By: Ben McWilliams and Georg Zachmann Topic: Energy & Climate, European Macroeconomics & Governance Date: March 5, 2020
Read article More on this topic
 

Blog Post

What can the EU learn from the China-Switzerland free trade agreement?

The US-China trade war has placed EU trade relations with China under the microscope. Should the EU challenge China’s trade practices and employ trade defence measures? Or should they be diplomatic and embark on negotiations, perhaps paving the way to a Free Trade Agreement? Close examination of the 2013 agreement between China and Switzerland suggests much will have to change for trade negotiations between China and the EU to succeed.

By: Uri Dadush and Marta Domínguez-Jiménez Topic: Global Economics & Governance Date: March 3, 2020
Read article More on this topic More by this author
 

Opinion

Companies must move supply chains further from China

Virus shows Southeast Asian factories too dependent on imported production inputs

By: Alicia García-Herrero Topic: Global Economics & Governance Date: February 28, 2020
Read article More on this topic More by this author
 

Opinion

Why the US Trade Agreement will slow China’s economy

The response of the global financial markets to the trade agreement reached between the United States and China has been very positive, probably excessively so given the relatively limited size of the agreement reached.

By: Alicia García-Herrero Topic: Global Economics & Governance Date: February 20, 2020
Read article More on this topic More by this author
 

Podcast

Podcast

The EU's plan to catch up on artificial intelligence

While the US and China have been setting the pace when it comes to Artificial Intelligence, the European Union seems to be lagging behind. What are the Commission's plans to finally catch up? Will AI increase the gap between big and small companies? This week, Nicholas Barrett is joined by Julia Anderson and Guntram Wolff to discuss the EU's plan for AI.

By: The Sound of Economics Topic: Innovation & Competition Policy Date: February 14, 2020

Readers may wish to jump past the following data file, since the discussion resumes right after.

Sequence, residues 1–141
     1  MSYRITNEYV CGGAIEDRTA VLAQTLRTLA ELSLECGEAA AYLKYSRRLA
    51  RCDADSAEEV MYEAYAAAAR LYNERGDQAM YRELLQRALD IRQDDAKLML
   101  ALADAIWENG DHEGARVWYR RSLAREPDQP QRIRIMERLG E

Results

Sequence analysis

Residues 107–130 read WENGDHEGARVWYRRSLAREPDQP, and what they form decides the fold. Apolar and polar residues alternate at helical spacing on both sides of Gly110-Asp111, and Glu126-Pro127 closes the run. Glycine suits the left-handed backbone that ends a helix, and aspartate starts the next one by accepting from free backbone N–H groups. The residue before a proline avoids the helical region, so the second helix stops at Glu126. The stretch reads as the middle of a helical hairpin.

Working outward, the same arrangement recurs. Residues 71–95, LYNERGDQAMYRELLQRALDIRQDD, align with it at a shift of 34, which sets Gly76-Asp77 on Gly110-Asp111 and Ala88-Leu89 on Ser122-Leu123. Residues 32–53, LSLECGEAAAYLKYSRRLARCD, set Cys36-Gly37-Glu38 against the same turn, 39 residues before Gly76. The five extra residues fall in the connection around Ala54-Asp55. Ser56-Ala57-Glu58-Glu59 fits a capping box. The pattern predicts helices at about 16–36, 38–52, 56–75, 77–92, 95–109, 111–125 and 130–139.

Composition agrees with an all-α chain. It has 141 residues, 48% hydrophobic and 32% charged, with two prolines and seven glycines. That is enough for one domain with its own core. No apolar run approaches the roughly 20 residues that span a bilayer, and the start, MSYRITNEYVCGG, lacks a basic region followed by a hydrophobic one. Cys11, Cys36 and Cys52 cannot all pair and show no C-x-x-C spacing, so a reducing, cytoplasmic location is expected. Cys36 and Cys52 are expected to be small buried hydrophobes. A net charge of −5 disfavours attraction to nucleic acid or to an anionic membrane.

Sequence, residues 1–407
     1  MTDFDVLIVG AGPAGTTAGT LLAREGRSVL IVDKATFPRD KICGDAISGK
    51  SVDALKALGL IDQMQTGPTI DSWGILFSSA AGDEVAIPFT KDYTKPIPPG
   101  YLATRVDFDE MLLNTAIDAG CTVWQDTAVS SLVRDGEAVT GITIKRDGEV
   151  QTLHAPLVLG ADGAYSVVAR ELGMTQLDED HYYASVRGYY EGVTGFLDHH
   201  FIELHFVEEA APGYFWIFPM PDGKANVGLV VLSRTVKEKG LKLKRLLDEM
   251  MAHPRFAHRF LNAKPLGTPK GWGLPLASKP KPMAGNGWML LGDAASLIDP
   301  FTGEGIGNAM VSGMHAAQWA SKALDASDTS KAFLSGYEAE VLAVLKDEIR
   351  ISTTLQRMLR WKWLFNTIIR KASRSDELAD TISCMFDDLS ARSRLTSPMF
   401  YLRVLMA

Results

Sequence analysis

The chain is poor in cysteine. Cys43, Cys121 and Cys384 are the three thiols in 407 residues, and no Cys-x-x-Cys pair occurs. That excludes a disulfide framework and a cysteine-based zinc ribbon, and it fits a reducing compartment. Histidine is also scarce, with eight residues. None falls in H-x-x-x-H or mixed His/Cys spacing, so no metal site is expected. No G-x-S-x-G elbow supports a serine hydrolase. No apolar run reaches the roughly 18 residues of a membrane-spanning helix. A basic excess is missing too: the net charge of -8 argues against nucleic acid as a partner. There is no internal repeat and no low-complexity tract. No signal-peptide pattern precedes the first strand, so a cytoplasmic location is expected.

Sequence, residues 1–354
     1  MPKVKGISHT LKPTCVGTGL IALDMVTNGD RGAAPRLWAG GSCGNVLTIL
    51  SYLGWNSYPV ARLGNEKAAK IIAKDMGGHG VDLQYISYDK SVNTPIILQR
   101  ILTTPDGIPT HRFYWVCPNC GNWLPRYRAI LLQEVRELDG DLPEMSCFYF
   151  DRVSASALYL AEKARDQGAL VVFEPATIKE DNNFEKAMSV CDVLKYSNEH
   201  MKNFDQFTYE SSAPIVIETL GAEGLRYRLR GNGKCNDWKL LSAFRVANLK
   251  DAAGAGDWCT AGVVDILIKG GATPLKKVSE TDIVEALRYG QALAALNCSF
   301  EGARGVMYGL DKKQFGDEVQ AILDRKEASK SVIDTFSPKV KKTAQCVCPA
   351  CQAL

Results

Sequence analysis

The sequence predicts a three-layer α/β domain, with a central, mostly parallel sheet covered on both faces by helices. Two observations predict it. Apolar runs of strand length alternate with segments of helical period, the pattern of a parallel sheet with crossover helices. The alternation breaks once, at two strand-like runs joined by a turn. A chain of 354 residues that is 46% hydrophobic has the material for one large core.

Read article Download PDF More on this topic More by this author
 

Working Paper

Zsolt Darvas - Resisting deglobalisation: the case of Europe

Resisting deglobalisation: the case of Europe

Global trade and finance data indicates that the pre-2008 pace of economic globalisation has stalled or even reversed. The European Union has defied this trend, with trade flows and financial claims continuing to grow after the recovery from the 2008 global economic and financial crisis. Immigration, including intra-EU mobility, has also continued to increase.

By: Zsolt Darvas Topic: European Macroeconomics & Governance Date: February 4, 2020
Read article Download PDF More on this topic More by this author
 

External Publication

From globalization to deglobalization: Zooming into trade

This article shows some evidence of the decrease in merchandise, capital and, to a lesser extent people to people flows.

By: Alicia García-Herrero Topic: Global Economics & Governance Date: February 3, 2020
Read article More on this topic More by this author
 

Opinion

European capital markets union, by rule and by choice

While the euro is now a leading global currency and the European Central Bank has become a comprehensive banking supervisor, Europe’s markets have been treading water.

By: Rebecca Christie Topic: Finance & Financial Regulation Date: January 23, 2020
Read article More on this topic More by this author
 

Blog Post

European green finance is expanding, a discount on bank capital would discredit it

If EU banks are to mobilise a greater share of loans for sustainable projects they will need a reliable policy framework, clear internal performance targets and the relevant skills. A discount on bank capital underlying such assets is neither justified nor likely effective. A comprehensive review of how climate risks are reflected in prudential regulation is nevertheless in order

By: Alexander Lehmann Topic: Energy & Climate Date: January 15, 2020
Read article Download PDF More on this topic
 

Policy Contribution

Market versus policy Europeanisation: has an imbalance grown over time?

This Policy Contribution tests the hypothesis that an imbalance has grown in Europe over the last few decades because markets have integrated to a greater extent than European-level policymaking, potentially creating difficulties for the democratic process in managing the economy. This hypothesis has been put forward by several authors but not so far tested empirically.

By: Leonardo Cadamuro and Francesco Papadia Topic: European Macroeconomics & Governance Date: January 9, 2020
Load more posts